Massage therapy has a long history in cultures around the world. Today, people use many different types of massage therapy for a variety of health-related purposes. In the United States, massage therapy is often considered part of complementary and alternative medicine (CAM), although it does have some conventional uses. This fact sheet provides a general overview of massage therapy and suggests sources for additional information.
Introduction to massage therapy
Scientific evidence on massage therapy is limited. Scientists are not yet certain what changes occur in the body during massage, whether they influence health, and, if so, how. The National Center for Complementary and Alternative Medicine (NCCAM) is sponsoring studies to answer these questions and identify the purposes for which massage may be most helpful.
Massage therapy appears to have few serious risks if it is used appropriately and provided by a trained massage professional.
Tell your health care providers about any complementary and alternative practices you use. Give them a full picture of what you do to manage your health. This will help ensure coordinated and safe care.
What is the history of massage therapy?
Massage dates back thousands of years. References to massage appear in writings from ancient China, Japan, India, Arabic nations, Egypt, Greece (Hippocrates defined medicine as “the art of rubbing”), and Rome.
Massage became widely used in Europe during the Renaissance. In the 1850s, two American physicians who had studied in Sweden introduced massage therapy in the United States, where it became popular and was promoted for a variety of health purposes. With scientific and technological advances in medical treatment during the 1930s and 1940s, massage fell out of favor in the United States. Interest in massage revived in the 1970s, especially among athletes.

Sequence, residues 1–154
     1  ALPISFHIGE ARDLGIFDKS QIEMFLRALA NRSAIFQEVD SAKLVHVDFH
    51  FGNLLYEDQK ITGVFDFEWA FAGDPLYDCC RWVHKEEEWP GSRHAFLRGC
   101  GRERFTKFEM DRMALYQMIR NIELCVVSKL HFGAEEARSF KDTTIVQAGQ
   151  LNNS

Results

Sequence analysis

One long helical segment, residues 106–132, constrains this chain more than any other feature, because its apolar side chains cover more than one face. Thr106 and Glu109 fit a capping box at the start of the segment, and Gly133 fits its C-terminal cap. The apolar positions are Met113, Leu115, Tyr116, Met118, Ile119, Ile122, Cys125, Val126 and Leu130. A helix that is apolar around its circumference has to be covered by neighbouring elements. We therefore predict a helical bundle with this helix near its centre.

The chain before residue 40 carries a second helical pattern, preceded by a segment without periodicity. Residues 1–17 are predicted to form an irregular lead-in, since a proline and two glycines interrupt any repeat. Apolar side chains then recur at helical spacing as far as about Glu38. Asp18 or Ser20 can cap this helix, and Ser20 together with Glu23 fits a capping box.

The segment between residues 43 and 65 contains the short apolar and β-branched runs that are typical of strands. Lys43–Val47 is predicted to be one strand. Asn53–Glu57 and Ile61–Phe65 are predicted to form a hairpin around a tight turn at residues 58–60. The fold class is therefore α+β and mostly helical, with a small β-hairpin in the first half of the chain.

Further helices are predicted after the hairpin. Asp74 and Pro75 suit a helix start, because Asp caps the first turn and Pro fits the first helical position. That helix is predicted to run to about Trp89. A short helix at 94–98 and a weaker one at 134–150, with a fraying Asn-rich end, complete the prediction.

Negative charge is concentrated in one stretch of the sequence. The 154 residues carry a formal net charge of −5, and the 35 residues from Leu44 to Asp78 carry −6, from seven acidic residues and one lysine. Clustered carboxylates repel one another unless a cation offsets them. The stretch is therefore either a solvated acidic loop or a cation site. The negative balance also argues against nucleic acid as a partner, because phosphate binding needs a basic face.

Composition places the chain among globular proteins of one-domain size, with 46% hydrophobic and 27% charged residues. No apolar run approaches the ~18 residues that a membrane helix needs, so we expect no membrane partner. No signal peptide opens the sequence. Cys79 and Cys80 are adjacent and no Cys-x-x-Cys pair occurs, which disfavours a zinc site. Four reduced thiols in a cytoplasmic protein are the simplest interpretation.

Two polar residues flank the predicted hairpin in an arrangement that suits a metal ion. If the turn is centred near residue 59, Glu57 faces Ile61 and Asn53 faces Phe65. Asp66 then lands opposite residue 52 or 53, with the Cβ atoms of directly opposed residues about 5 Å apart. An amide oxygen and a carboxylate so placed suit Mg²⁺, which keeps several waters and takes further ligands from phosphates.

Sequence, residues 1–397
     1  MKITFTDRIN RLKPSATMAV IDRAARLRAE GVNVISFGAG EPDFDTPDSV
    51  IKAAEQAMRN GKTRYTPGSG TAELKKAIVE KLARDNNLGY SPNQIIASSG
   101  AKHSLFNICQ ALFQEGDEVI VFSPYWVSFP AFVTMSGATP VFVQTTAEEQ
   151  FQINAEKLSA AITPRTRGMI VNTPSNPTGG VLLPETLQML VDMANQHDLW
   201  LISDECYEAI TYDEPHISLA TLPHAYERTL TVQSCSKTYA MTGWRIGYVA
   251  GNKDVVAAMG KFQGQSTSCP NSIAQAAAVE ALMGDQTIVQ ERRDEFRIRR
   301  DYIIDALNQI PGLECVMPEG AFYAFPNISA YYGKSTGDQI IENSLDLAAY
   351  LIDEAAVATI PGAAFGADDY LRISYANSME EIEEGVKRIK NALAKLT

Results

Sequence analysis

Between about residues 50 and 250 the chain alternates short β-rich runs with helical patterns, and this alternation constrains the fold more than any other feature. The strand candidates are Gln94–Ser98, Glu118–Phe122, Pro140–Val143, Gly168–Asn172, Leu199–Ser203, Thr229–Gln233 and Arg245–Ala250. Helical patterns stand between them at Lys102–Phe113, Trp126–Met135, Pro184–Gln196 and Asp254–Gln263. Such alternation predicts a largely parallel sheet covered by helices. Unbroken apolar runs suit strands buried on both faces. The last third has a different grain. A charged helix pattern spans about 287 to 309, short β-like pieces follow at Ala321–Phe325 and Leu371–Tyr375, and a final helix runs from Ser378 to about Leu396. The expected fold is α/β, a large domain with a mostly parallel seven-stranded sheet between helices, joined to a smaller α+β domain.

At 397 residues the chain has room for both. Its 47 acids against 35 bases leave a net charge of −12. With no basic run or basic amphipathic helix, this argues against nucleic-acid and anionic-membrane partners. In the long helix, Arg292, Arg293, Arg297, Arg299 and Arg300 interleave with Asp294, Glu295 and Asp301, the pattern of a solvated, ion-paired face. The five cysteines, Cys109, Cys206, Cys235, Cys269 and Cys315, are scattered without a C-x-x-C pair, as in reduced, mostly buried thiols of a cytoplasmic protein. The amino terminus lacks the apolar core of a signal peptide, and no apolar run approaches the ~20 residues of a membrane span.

What are the health benefits of massage therapy?
According to the 2007 National Health Interview Survey, which included a comprehensive survey of CAM use by Americans, an estimated 18 million U.S. adults and 700,000 children had received massage therapy in the previous year.
People use massage for a variety of health-related purposes, including to relieve pain, rehabilitate sports injuries, reduce stress, increase relaxation, address anxiety and depression, and aid general wellness.
What is massage therapy, and what are the types of massage?
The term “massage therapy” encompasses many different techniques (see box for examples). In general, therapists press, rub, and otherwise manipulate the muscles and other soft tissues of the body. They most often use their hands and fingers, but may use their forearms, elbows, or feet.
Types of Massage Therapy: A Few Examples
In Swedish massage, the therapist uses long strokes, kneading, deep circular movements, vibration, and tapping. Sports massage is similar to Swedish massage, adapted specifically to the needs of athletes. Among the many other examples are deep tissue massage and trigger point massage, which focuses on myofascial trigger points — muscle “knots” that are painful when pressed and can cause symptoms elsewhere in the body.
What do massage therapists do in treating patients?
Massage therapists work in a variety of settings, including private offices, hospitals, nursing homes, studios, and sport and fitness facilities. Some also travel to patients’ homes or workplaces. They usually try to provide a calm, soothing environment.
Therapists usually ask new patients about symptoms, medical history, and desired results. They may also perform an evaluation through touch, to locate painful or tense areas and determine how much pressure to apply.
Typically, the patient lies on a table, either in loose-fitting clothing or undressed (covered with a sheet, except for the area being massaged). The therapist may use oil or lotion to reduce friction on the skin. Sometimes, people receive massage therapy while sitting in a chair. A massage session may be fairly brief, but may also last an hour or even longer.